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Edward Sharpe & the Magnetic Zeros Charm at KCRW's Berkeley Street Session

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The entirety of Edward Sharpe and the Magnetic Zeros. Photo by Jeremiah Garcia.
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Here's the thing -- it's impossible not to be charmed by Edward Sharpe and the Magnetic Zeros, especially standing six feet away from them. They look like Fagin's Ragtime band, like the hippiest hippies in all of Los Angeles got together to throw a sonic tent revival. But the charm, man the charm.

Performing for one of KCRW's Berkley Street Sessions (think small studio session opened to about 175 "friends" in Bob Clearmountain's Apogee studio in Santa Monica), the intimate show on April 5 featured the L.A.-based band's new album, Here, which will be released in May. Front man Alex Ebert, masquerading as his alter ego Edward Sharpe, along with his former muse Jade Castrinos, brought together a group of nine additional musicians/friends to accompany them on the joyful songs.

The set ranged from the first single, "Man on Fire," to the glory hallelujah-esque "Fiyawata," featuring Castrinos' throaty rich vocals, to an almost acoustic round of "All Wash Out" and a lovely layered song about a friend's daughter, "Mayla." Particularly outstanding among the band members was Aaron Arnz on piano as well as Mark Noseworthy and his cavalry coat on guitar and vocals. Their musicianship grounded the symphony of instruments and voices jangling along in the freewheeling approach to a set list. (For the record, they did stick to the set list, quite graciously for those recording the event.)

The band is somewhat trapped in the moment when other acts like the Low Anthem are displaying more sonic mastery over tone and technique, but what sets Edward Sharpe and the Magnetic Zeros apart from similar Appalachian-gone-hipster acts is the community. They sing and play to each other and the audience, clearly because they just freaking love to do it. This makes for slightly less original work, but an absolutely unique sense of engagement with their art.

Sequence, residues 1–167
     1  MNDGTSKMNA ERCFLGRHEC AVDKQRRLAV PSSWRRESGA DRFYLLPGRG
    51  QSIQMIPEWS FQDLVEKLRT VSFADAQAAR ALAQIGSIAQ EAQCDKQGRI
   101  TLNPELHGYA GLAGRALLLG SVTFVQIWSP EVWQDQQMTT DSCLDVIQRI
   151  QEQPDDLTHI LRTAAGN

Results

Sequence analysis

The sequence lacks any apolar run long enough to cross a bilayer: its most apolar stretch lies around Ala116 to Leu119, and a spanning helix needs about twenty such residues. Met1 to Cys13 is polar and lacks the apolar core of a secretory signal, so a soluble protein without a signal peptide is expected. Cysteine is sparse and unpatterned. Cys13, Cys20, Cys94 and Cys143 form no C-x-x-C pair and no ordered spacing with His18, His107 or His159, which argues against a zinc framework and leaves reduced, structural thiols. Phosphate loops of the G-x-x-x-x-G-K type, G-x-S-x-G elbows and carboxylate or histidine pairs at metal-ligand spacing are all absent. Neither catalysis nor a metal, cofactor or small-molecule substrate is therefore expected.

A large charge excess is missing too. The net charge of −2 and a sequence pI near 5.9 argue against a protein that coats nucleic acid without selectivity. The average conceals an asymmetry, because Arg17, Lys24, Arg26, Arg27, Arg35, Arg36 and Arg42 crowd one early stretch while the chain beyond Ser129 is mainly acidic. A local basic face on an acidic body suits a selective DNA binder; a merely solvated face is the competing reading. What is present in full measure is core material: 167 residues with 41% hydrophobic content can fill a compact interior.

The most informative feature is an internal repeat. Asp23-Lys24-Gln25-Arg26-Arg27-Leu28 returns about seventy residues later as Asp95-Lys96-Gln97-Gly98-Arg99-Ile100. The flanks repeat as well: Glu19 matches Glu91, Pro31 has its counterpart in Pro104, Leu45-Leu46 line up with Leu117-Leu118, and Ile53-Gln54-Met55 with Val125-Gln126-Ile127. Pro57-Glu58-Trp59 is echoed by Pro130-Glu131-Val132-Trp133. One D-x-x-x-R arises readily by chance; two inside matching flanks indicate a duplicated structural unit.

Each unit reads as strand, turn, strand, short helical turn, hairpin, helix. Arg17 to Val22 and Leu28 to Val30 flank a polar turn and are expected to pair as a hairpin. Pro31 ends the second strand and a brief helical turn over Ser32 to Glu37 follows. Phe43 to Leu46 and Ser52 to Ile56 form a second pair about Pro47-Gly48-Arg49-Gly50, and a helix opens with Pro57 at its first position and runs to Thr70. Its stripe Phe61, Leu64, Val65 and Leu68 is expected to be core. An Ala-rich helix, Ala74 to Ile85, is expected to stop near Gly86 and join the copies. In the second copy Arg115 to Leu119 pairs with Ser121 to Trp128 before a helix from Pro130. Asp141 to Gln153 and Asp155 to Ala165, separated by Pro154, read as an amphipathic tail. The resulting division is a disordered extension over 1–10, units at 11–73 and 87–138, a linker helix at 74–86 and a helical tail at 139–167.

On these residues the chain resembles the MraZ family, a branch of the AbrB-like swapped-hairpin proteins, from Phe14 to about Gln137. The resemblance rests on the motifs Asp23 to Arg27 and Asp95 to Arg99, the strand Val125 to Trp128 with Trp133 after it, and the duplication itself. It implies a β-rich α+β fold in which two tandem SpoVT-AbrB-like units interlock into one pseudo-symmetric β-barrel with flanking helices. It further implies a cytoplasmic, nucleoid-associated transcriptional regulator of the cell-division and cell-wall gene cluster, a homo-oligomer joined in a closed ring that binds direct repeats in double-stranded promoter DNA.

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After touring for the past three years, the band recently retired to Ojai to record the new album. They have so many songs left over that they are planning a followup. The new album has a similar jangling serenity to Up from Below, with more of a call to rise up and testify about love of all kinds.

I spent a lot of time upon the release of their debut trying to figure out who the band reminded me of, and I still waiver between Cat Stevens, The Waterboys and mid-career/pre-"Heartlight" Neil Diamond. Mostly, they just exude a 1970s peace, love and understanding vibe, which translates well to live performances, although the small space felt just a bit stifling for all their enthusiasm. But the band truly has an uncanny ability to generate a sense of warmth and community. I imagine seeing them during last year's Railroad Revival Tour was an even more transcendent experience than the compression of all of that good natured energy into a recording studio filled with fans.

The entire set will air on KCRW on May 29th to accompany the album's release along with DJ Liza Richardson's interview with Alex Ebert. Seated on the floor, the audience, uncomfortable but rapt, listened as Ebert, and occasionally Catrinos, talked shop. In the meantime, check out some of the other acts who have played for the Berkley Street Sessions on the website.

And if you can't wait until the end of May, the band is also playing the Greek Theatre May 4.